I don’t know if there’s anyone reading this who doesn’t know the plot, but here it is in even more of a nutshell than Lynch had to put it! It’s the future, and there’s a really valuable spice that everyone wants, more precious than cardamom! You can only get it on planet Dune, and the good Atredies and the nasty Harkonnen families both want to control it! But Paul Atredies is destined to be the king of the universe no matter what the bald witches, Emperor Toulouse-Lautrec or the space slugs say, and the race of leather daddies who live in the desert and their giant pet worms have their own opinions on all these matters; and later it rains!
You can see how it would be hard to fit all that into just over two hours and make all the crazy detours you’d want to make if you were David Lynch! Ha ha, thank goodness for Transcendental Meditation! No, he wasn’t entirely successful, but he made a good fist of it, as they say, and the movie certainly looks fantastic! I love the brassy look it all has, and the supporting cast is almost too excellent, since most of them get pretty short shrift when it comes to screen time! Why hire an Oscar winner like Linda Hunt if you’re just going to have her creep fearfully into a room and then leave again? Well, I’m sure that wasn’t the plan, but that’s how it turned out!
And there’s some good creatures in here, thanks to that old rascal Carlo Rambaldi! The worms are amazing of course, and I always wondered what would happen if, as is suffered by one of the characters, you got eaten by one! And who, I wonder, would win in a fight, a sand worm or The All-Consuming Sarlacc from Return of the Jedi? Meanwhile, the space slugs who control the universe, but are really little more than glorified bus drivers, are particularly gross! But even grosser is the Baron Harkonnen, who I’m not even sure was a Carlo Rambaldi creation or not! Certainly he looks even worse than that famous piece of poo, E.T. the Extra-Terrestrial!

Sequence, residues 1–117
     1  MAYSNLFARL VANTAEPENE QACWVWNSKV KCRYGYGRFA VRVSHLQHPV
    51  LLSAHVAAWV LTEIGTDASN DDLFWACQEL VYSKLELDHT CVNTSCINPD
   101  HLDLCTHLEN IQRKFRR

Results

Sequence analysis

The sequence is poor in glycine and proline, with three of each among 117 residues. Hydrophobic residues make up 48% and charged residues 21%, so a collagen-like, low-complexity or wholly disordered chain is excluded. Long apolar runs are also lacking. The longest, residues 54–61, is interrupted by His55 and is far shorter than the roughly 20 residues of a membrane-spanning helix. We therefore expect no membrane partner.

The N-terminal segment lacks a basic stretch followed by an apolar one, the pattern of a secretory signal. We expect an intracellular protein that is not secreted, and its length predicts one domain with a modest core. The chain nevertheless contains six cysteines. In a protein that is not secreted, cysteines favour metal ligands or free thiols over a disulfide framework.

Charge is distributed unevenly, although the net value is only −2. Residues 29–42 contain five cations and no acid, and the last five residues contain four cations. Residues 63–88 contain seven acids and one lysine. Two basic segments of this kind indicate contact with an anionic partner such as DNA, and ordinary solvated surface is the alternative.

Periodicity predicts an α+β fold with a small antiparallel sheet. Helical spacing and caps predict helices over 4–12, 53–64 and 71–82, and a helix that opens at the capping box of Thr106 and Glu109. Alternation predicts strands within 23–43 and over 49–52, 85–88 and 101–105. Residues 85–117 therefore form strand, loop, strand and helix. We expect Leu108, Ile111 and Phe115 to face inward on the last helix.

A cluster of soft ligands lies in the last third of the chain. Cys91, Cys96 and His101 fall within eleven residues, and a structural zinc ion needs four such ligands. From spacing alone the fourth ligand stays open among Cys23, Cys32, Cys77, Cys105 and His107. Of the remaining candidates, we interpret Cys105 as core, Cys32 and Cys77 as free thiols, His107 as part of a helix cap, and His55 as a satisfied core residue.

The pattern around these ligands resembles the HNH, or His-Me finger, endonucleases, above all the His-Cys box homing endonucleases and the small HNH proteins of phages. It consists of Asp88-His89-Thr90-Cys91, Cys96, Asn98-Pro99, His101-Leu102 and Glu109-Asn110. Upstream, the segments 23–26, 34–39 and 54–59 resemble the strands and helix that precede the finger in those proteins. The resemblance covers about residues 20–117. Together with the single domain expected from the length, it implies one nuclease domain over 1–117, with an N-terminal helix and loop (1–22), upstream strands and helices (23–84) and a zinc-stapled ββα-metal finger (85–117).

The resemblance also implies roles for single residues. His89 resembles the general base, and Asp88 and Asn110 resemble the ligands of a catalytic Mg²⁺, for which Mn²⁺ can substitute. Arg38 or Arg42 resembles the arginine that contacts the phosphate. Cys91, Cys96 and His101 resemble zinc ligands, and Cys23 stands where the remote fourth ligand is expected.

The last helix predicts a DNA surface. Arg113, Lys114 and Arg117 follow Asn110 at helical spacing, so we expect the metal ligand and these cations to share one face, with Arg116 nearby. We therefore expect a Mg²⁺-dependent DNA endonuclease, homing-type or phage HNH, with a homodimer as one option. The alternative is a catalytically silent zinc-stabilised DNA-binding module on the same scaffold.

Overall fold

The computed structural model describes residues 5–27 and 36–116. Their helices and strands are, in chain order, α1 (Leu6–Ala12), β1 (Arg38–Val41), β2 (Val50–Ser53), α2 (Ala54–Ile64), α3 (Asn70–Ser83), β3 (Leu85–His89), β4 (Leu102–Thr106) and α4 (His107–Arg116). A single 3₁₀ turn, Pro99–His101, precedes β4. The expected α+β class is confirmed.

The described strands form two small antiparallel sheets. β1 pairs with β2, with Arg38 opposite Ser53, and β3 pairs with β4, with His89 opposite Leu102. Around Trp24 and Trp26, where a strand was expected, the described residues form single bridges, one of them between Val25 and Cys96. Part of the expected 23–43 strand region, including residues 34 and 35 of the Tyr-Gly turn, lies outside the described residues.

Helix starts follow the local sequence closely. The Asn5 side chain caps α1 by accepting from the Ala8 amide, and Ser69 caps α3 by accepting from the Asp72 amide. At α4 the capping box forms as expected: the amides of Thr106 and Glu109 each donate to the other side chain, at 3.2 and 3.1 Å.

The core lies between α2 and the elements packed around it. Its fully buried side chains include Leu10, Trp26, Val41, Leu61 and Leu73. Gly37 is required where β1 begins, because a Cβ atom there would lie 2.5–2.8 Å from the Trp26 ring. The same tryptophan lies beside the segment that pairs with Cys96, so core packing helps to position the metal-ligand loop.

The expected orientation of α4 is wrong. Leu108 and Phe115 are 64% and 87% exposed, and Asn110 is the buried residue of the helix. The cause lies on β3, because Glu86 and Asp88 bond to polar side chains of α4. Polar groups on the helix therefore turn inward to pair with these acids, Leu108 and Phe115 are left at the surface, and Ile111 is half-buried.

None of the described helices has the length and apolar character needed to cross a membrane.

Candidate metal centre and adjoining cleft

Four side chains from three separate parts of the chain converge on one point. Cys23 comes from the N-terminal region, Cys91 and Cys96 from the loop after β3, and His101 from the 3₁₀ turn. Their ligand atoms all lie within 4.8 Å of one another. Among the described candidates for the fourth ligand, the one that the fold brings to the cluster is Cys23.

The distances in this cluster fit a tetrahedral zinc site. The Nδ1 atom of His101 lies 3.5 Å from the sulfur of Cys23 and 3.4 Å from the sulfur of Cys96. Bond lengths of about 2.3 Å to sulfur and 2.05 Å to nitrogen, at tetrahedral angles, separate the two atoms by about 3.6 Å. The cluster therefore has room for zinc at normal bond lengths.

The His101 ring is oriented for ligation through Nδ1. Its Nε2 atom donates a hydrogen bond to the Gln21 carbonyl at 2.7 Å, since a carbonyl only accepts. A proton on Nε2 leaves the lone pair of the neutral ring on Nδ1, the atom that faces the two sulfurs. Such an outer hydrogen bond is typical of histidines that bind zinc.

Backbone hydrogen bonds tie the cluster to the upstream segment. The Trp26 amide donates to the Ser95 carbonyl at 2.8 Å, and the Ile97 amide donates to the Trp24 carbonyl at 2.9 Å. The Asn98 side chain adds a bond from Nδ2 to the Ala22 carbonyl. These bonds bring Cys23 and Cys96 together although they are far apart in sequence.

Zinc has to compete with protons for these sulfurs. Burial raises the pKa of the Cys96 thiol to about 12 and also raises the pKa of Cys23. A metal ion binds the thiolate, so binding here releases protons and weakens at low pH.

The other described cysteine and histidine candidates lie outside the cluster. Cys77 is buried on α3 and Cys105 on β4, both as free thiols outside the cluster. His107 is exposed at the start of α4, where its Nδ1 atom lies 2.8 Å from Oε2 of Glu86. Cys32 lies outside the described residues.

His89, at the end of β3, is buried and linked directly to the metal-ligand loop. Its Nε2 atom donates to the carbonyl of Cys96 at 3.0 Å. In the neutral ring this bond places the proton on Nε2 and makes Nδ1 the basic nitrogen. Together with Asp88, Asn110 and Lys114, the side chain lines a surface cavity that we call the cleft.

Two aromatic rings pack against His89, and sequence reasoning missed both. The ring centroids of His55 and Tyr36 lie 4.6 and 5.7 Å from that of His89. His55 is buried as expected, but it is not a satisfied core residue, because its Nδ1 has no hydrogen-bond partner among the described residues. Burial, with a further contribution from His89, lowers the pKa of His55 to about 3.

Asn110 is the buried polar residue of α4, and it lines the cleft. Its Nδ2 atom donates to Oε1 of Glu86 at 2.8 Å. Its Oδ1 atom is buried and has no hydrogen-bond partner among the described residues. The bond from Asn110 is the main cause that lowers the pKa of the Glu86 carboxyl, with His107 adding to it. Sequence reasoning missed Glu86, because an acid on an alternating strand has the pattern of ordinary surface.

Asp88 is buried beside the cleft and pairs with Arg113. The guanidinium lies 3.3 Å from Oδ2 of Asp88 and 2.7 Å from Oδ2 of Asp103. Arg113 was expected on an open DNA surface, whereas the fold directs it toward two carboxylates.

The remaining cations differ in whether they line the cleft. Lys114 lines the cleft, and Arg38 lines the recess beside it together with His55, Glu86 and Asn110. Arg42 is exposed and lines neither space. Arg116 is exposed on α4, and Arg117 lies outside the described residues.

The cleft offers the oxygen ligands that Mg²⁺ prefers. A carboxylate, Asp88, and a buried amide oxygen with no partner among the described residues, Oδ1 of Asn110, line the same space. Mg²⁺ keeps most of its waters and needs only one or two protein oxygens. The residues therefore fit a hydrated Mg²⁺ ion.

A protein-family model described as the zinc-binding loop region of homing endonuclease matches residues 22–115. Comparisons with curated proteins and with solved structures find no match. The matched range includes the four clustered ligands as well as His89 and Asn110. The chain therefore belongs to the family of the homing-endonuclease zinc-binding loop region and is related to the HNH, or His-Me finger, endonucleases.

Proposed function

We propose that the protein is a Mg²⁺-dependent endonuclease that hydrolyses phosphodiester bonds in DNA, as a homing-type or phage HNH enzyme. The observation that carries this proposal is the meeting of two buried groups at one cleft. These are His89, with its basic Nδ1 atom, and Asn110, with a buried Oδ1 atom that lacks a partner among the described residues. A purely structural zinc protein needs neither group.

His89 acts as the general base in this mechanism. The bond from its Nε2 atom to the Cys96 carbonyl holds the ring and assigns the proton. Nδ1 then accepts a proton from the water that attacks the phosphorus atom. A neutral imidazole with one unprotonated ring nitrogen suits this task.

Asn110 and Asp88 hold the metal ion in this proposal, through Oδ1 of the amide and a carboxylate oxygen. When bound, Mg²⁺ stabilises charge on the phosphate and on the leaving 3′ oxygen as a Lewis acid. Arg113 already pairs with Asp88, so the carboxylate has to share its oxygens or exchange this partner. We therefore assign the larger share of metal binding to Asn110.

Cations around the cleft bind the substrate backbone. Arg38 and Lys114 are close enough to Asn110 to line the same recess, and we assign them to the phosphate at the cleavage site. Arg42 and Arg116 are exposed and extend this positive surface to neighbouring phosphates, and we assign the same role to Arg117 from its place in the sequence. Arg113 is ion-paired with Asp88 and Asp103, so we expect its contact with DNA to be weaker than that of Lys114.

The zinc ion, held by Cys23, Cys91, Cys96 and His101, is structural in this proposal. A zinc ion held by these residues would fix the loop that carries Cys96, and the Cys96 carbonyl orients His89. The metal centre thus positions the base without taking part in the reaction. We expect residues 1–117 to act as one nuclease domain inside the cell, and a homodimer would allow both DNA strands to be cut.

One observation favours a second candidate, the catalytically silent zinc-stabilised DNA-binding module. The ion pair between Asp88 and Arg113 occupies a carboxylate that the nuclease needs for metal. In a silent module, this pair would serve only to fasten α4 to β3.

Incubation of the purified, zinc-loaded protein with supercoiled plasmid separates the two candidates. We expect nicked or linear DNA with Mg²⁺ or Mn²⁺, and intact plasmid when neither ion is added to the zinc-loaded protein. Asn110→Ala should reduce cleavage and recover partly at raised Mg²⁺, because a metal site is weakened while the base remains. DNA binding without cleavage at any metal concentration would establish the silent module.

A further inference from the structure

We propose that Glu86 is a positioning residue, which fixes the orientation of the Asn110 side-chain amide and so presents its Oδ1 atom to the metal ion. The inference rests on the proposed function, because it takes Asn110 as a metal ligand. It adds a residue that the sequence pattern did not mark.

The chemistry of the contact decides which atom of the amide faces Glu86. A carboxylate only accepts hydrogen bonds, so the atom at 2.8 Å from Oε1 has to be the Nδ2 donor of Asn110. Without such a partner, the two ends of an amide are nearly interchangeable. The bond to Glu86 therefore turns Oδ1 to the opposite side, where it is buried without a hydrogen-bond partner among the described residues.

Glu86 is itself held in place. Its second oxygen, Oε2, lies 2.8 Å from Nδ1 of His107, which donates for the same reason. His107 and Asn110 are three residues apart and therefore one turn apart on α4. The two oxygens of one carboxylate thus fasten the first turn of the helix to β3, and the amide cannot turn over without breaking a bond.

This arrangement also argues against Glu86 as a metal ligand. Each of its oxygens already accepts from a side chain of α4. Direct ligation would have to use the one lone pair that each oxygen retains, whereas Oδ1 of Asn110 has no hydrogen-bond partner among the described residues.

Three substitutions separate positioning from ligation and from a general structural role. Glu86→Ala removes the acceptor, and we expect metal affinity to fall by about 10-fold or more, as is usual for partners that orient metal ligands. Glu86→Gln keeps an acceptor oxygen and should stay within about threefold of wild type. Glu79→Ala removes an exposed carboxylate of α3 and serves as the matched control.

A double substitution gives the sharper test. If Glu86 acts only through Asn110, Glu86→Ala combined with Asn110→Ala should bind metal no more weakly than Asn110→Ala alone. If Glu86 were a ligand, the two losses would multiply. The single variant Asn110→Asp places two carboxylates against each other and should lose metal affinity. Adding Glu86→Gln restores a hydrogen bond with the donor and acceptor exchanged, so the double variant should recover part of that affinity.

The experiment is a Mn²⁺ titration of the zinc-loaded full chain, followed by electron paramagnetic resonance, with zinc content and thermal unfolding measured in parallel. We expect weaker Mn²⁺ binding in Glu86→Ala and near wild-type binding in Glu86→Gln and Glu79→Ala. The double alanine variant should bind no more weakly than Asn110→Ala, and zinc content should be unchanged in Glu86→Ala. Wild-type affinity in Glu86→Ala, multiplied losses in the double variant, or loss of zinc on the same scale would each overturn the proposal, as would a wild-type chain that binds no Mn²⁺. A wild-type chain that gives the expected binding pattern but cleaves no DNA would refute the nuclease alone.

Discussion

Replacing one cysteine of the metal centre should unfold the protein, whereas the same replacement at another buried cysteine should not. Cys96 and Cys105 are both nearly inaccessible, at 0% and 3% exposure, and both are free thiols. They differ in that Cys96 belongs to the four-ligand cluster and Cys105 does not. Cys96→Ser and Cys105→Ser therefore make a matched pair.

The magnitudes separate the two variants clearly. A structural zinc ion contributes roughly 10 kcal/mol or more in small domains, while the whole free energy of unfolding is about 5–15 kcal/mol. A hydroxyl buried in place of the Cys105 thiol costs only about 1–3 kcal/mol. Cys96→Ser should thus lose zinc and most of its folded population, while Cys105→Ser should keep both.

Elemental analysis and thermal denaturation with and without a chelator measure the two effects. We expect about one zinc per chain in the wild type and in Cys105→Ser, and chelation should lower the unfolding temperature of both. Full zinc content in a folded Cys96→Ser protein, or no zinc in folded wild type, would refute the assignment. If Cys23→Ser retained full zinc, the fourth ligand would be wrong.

For giving it a darn good try even if it could have been so much better, I award Dune three incredibly bushy eyebrow guys with smeared lipstick! But I do have one question: How did Toto of all rock groups get the job of doing the score, and why didn’t they do any more movie work? Ha ha, they did a pretty good job with this one!

Wednesday 2 November 2011

Burl reviews Fatal Games! (1984)

Well hello! It’s Burl here with, what else, a review for you! Ha ha, I can’t really defend this strange affection I have for early-80s slasher movies, but I’ve got a case of it for true, and it’s not going away! I don’t like them all unreservedly or anything – often they can be boring or just plain dumb! In fact, most of the time they are, but still, I have an appreciation for them that nobody can take away!
Anyway, Fatal Games is one of the more obscure of these pictures, and though the copyright date says 1984, it seems like it was made even earlier! It takes place at some kind of athletics academy where, throughout the first act, a series of characters qualify for “The Nationals,” and happy they are about it too, for The Nationals are just one step removed from a spot on the Olympic team! (Maybe that’s why this was released in 1984, to capitalize on the ’84 Summer Olympics in Los Angeles! Ha ha, very clever! I wonder if it worked!)
At any rate, somebody who is a very good javelin thrower apparently has a grudge against these Nationals qualifiees and begins spearing them and hiding their transfixed corpses in the lockers! These disappearances arouse only the mildest concern among their peers and the school’s four staff members, and in the meantime the gymnastics and copious nudity continue! Ha ha, if you ever wanted to see naked ladies, this is the movie for you! There’s lots of them in here!